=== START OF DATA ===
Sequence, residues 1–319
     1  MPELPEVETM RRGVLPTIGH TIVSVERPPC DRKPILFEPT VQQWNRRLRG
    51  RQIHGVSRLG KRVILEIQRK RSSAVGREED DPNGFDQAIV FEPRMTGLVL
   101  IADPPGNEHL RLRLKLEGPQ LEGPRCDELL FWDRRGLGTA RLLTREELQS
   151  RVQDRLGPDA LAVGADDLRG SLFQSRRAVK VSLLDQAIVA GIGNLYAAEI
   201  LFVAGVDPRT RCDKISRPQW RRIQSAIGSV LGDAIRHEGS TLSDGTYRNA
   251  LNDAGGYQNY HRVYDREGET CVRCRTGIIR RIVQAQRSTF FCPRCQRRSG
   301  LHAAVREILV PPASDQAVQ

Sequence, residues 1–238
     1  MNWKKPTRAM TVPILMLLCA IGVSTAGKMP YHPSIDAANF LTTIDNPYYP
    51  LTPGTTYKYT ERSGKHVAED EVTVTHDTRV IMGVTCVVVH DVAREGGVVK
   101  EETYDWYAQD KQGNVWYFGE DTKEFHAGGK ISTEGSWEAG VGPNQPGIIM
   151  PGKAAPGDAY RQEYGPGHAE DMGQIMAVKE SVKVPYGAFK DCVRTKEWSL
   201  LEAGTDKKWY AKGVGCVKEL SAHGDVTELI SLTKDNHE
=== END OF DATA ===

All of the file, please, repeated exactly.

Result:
Sequence, residues 1–319
     1  MPELPEVETM RRGVLPTIGH TIVSVERPPC DRKPILFEPT VQQWNRRLRG
    51  RQIHGVSRLG KRVILEIQRK RSSAVGREED DPNGFDQAIV FEPRMTGLVL
   101  IADPPGNEHL RLRLKLEGPQ LEGPRCDELL FWDRRGLGTA RLLTREELQS
   151  RVQDRLGPDA LAVGADDLRG SLFQSRRAVK VSLLDQAIVA GIGNLYAAEI
   201  LFVAGVDPRT RCDKISRPQW RRIQSAIGSV LGDAIRHEGS TLSDGTYRNA
   251  LNDAGGYQNY HRVYDREGET CVRCRTGIIR RIVQAQRSTF FCPRCQRRSG
   301  LHAAVREILV PPASDQAVQ

Sequence, residues 1–238
     1  MNWKKPTRAM TVPILMLLCA IGVSTAGKMP YHPSIDAANF LTTIDNPYYP
    51  LTPGTTYKYT ERSGKHVAED EVTVTHDTRV IMGVTCVVVH DVAREGGVVK
   101  EETYDWYAQD KQGNVWYFGE DTKEFHAGGK ISTEGSWEAG VGPNQPGIIM
   151  PGKAAPGDAY RQEYGPGHAE DMGQIMAVKE SVKVPYGAFK DCVRTKEWSL
   201  LEAGTDKKWY AKGVGCVKEL SAHGDVTELI SLTKDNHE